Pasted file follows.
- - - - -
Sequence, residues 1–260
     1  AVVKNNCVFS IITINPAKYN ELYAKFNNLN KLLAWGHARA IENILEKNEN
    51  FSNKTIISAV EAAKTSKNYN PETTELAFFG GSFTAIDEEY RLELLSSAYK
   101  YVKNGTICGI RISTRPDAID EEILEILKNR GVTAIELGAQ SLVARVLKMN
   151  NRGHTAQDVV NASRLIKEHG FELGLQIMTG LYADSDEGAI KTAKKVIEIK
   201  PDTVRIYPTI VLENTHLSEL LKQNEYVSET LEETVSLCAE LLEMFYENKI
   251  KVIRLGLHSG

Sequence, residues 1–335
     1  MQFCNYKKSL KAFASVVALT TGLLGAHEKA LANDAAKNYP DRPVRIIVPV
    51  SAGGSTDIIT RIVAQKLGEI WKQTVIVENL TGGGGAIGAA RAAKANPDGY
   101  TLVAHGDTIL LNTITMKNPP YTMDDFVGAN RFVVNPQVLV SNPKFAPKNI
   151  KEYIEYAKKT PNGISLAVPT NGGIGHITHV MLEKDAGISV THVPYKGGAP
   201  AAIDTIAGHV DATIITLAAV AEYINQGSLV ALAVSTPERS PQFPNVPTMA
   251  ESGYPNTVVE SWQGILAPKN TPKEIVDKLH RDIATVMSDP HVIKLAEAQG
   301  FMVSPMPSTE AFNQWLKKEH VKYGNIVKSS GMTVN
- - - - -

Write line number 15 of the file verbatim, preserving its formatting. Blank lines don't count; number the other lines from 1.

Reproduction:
   301  FMVSPMPSTE AFNQWLKKEH VKYGNIVKSS GMTVN